The board of Spanish olive oil bottler Deoleo has agreed to sell the company to private-equity firm CVC Capital Partners, ending months of speculation about its future. CVC has offered to buy the company for €0.38 a share, which values the company at €439 million.
The offer – which had originally been rejected by two of the savings banks with a stake in Deoleo, CaixaBank and Kutxabank – was accepted by Bankia, which holds 16.5% of the company’s shares, and BMN, with 5.8%. The latter two banks are obliged to sell their stakes given that they have been bailed out with taxpayer funds.
The fund is also likely to implement a capital increase of €56 million, also at €0.38 a share, which would see it control a 29.99% stake in the firm. Once that operation is complete, CVC will launch a takeover bid for the rest of Deoleo.
Deoleo is in debt to the tune of €472 million as a result of a series of badly timed acquisitions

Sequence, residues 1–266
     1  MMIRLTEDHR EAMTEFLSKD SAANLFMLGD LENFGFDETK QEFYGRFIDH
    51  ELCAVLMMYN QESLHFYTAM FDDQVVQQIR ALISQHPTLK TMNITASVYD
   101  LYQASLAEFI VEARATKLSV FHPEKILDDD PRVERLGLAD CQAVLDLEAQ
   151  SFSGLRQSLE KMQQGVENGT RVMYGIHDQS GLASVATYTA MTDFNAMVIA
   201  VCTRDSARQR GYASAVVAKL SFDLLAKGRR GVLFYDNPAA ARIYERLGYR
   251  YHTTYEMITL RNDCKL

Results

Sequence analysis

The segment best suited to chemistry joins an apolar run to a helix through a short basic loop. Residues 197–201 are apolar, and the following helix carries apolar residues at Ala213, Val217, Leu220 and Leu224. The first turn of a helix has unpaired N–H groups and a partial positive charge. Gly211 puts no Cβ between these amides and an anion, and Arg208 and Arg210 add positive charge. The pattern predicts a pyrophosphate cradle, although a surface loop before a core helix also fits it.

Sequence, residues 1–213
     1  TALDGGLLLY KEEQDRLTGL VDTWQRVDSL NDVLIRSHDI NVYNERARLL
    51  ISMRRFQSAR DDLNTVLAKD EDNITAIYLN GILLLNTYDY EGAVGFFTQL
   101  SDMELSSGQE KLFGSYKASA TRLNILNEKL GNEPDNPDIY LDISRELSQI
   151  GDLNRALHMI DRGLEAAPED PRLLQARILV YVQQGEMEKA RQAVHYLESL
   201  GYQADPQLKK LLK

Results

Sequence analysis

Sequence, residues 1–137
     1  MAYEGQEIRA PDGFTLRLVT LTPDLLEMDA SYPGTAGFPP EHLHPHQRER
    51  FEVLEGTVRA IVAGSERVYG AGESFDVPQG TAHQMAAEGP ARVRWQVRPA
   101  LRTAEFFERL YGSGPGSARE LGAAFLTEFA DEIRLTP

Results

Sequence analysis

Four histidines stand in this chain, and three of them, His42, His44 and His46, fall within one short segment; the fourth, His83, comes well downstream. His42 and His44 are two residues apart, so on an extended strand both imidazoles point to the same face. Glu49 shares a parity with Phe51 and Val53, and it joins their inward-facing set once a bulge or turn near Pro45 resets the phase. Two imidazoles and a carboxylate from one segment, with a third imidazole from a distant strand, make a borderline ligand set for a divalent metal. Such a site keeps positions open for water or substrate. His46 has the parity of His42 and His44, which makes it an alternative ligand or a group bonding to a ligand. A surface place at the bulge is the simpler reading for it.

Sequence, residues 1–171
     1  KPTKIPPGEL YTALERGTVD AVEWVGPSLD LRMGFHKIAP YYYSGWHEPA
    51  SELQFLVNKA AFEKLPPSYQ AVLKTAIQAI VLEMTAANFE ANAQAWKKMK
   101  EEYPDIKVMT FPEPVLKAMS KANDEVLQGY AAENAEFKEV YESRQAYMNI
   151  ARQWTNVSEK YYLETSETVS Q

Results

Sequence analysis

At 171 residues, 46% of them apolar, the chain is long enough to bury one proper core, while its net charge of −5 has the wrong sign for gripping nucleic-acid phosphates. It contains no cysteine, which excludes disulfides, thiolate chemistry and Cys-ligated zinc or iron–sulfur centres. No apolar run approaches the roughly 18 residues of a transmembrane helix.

Deoleo, which makes household brands such as Carbonell and Bertolli, is in debt to the tune of €472 million as a result of a series of badly timed acquisitions. It accounts for 22% of the global olive oil market, and last year saw €20 million in profit from revenues of €813 million.
Among the company’s stakeholders, the farmer’s cooperative Hojiblanca, which owns 10% of the company, was the only dissenting voice with regard to the CVC deal. Savings banks Unicaja, CaixaBank and Kutxabank gave the green light to the deal. Spanish participation in the company may be limited to the latter two lenders in the future, with Hojiblanca likely to leave the group.
According to company sources, the private-equity fund has committed to developing the brand in foreign markets, in particular in the United States and Asia. CVC is prepared to keep the headquarters of the company in Spain, and to maintain – at least for five years – its brands, including Koipe and Carbonell in Spain, and Bertolli and Carapelli in Italy.